The fine folks at Disney/Touchstone pictures have given us some DVDs to give away. Instead of doing two separate contests, we’re going to give you guys the opportunity to win a double feature of both “”The Osbourne’s Season One DVD”” (The Uncensored Version!) and the way cool two disc “”Who Framed Roger Rabbit DVD, Vista Print Edition!!!!!!”” To Win read the release below, and follow the instructions.
WHO FRAMED ROGER RABBIT15th Anniversary of Landmark Film Loaded With Fun Bonus Features Newly Restored With Digital Sound, Available March 25 BURBANK, Calif., October 17, 2002 – A milestone of film innovation and the recipient of four Academy Awards,* the live-action/animated film WHO FRAMED ROGER RABBIT gets the lavish treatment it deserves with a deluxe VISTA Series 2-disc DVD set (in both widescreen and full frame formats) and an Exclusive Video Bonus Edition, from Touchstone Home Entertainment on March 25, 2003. Suggested retail price: $29.99 DVD; $19.99 VHS.The VISTA edition of WHO FRAMED ROGER RABBIT has been designed to present this groundbreaking film in the most complete edition possible, with something for every viewer. Created in concert with the filmmakers, the VISTA DVD of WHO FRAMED ROGER RABBIT is presented in 5.1 Dolby Digital Surround Sound with the most pristine digital presentation of the film available. The DVD includes loads of bonus features that go behind the scenes and provides a new look at the movie that broke the rules of live action and animated films.The VISTA DVD of WHO FRAMED ROGER RABBIT includes:DISC ONE: FAMILY FRIENDLYFull-frame version of the filmThree Roger Rabbit Shorts
[b]Lisa Marie Talks About Michael and Nick Cage In Rolling Stone[/b]
Opening up for the first time about her mid-’90s marriage to Michael Jackson, Lisa Marie Presley says she really did love him but still wonders if he was just using her for publicity. In an interview in the upcoming issue of Rolling Stone magazine, she says, ”I can’t tell you what his intentions were, but I can tell you I absolutely fell in love with him and fell into this whole thing which I’m not proud of now.”
Presley, who is promoting her debut album, ”To Whom It May Concern” (due in stores in two weeks), says Jackson befriended her while she was married to her first husband, musician Danny Keough, and showed her a side of himself the public hasn’t seen. ”I was always telling him, ‘People wouldn’t think I was so crazy [for marrying Jackson] if they saw who the hell you really are; that you sit around and you drink and you curse and you’re f—ing funny, and you have a bad mouth and you don’t have that high voice all the time.”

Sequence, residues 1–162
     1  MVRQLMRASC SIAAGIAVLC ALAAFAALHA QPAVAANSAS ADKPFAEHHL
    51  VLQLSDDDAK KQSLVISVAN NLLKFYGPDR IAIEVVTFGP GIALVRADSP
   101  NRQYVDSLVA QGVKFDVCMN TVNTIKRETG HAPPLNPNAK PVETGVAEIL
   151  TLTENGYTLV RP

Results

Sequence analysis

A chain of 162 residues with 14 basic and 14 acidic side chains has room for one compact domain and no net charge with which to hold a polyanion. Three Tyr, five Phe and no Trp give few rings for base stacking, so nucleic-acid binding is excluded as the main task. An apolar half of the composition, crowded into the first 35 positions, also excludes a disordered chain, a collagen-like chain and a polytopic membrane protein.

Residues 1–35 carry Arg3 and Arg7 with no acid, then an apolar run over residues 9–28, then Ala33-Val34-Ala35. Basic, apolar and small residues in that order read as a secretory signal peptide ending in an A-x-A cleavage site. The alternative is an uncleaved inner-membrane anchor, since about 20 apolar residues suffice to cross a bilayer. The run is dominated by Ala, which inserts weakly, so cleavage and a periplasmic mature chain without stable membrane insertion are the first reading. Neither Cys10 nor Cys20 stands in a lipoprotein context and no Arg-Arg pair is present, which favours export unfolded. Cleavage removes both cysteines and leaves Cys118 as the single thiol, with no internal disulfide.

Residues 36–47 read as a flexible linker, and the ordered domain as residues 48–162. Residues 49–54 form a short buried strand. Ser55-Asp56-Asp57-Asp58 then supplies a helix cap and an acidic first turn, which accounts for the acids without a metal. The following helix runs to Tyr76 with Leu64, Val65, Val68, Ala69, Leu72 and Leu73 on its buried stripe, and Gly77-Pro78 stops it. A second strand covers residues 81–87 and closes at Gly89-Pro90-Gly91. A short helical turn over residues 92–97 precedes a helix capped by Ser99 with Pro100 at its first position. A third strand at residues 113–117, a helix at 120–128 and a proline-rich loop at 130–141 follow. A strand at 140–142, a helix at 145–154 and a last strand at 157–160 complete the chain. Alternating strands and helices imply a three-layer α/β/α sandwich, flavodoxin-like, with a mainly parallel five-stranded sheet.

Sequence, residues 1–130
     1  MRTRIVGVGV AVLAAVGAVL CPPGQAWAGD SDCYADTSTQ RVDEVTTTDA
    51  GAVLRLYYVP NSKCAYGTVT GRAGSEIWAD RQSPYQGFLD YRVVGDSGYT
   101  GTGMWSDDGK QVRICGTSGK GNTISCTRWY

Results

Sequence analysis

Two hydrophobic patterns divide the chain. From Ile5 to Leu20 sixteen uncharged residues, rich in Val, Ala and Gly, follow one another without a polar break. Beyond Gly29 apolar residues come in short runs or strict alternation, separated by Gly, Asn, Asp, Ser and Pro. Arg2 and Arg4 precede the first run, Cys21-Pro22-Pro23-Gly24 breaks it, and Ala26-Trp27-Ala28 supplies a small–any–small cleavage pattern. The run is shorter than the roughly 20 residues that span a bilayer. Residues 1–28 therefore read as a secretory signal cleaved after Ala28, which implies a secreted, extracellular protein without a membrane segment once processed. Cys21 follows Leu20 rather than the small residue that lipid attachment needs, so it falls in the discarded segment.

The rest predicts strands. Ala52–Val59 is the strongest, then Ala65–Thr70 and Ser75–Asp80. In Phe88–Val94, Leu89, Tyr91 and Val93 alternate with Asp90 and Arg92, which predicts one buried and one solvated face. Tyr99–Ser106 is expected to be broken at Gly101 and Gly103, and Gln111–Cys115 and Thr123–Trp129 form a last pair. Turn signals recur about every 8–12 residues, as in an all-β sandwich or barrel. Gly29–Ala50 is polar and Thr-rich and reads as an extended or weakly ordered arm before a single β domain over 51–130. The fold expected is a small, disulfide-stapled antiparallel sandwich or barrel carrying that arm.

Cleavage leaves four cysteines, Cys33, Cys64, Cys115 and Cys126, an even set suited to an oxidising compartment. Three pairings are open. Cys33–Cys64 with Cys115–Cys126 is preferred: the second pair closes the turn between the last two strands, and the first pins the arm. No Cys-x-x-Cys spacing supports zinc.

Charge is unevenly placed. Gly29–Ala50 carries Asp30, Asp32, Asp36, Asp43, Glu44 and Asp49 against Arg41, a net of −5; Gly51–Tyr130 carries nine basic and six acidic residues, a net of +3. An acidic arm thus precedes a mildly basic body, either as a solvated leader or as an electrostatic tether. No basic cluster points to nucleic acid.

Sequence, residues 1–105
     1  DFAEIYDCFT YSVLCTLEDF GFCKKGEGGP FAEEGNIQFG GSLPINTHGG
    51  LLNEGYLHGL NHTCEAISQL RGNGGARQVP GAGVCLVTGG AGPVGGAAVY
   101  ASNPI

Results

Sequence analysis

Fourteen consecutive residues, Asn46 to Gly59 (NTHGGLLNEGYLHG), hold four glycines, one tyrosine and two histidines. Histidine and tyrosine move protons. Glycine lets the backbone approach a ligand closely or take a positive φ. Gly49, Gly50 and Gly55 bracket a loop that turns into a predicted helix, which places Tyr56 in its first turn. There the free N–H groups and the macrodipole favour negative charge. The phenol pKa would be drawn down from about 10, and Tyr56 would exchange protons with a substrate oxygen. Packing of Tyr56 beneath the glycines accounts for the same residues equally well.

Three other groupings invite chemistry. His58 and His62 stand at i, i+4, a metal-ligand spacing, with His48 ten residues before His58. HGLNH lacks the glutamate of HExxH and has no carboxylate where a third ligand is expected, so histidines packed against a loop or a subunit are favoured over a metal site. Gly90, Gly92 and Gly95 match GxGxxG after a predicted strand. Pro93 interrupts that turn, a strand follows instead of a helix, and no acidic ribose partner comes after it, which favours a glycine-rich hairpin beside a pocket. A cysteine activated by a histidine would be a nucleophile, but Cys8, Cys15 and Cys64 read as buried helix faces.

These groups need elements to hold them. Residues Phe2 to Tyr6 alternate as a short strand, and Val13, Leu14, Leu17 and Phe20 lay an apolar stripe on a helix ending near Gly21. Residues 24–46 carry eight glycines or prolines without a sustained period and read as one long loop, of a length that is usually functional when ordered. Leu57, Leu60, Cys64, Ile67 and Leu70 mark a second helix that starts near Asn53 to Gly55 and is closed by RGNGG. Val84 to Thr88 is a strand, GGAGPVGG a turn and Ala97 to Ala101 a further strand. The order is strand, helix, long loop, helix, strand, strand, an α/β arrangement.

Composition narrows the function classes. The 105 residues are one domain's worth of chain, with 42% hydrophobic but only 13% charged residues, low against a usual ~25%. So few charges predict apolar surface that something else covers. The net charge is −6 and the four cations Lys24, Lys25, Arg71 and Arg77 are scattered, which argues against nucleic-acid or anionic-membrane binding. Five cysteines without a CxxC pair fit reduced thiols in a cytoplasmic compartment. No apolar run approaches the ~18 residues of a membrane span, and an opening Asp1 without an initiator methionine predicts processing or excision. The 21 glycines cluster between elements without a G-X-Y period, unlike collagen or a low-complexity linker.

Presley said their two-year marriage included sex ”for a while. And then it became ‘Def Con 2,’ It just got really ugly at the end.” She said she participated in publicity stunts, like the famed smooch at the MTV Video Music Awards, out of a naive desire to protect him from bad publicity. ”I was really in this lioness thing with him — I wanted to protect him. Naive as hell. I never thought for a moment someone like him could actually use me.” The last straw came when Jackson gave an interview to TV Guide claiming that she’d told him Elvis had had a nose job, ”which is absolute bulls—,” she says. (This from the guy who claims he’s had only two nose jobs.) She promptly filed for divorce.
Presley also discussed her brief marriage last year to ”hothead” Nicolas Cage, saying: ”We’re both so dramatic and dynamic that when it was good, it was unbelievably good, and when it was bad, it was just a f—ing bloody nightmare for everybody.” She concludes, ”If you lined up all the men I’ve been with in a row, you’d think that I was completely psychotic.” No word on what Jackson or Cage think of her comments.
[size=medium]Polanski Victim Says Judge Oscar Favorite on Merit[/size]
[i]LOS ANGELES (Reuters) -[/i] The woman at the heart of a 1970s sex scandal that derailed the career of Roman Polanski said she had no “hard feelings” toward the director and that his actions 25 years ago should not color whether he wins an Oscar next month.
Polanski became a surprise front-runner for next month’s Oscars by winning best film and best director with The Pianist at Britain’s Bafta annual film awards Sunday. But Polanski, who fled to France in 1978 as he was about to be sentenced for having sex with a minor, still faces arrest the moment he steps foot in the United States.
In a bylined editorial published Sunday in the Los Angeles Times, Samantha Geimer, the victim of a 25-year-old statutory rape case against Polanski, said that his actions toward her in 1977, while “creepy” and “scarey” at the time should not color whether he wins an Oscar this year or not.
“I don’t really have any hard feelings toward him, or any sympathy, either. He is a stranger to me,” wrote Geimer, who was 13 at the time of the incident but now is a happily married mother of three, living in Hawaii.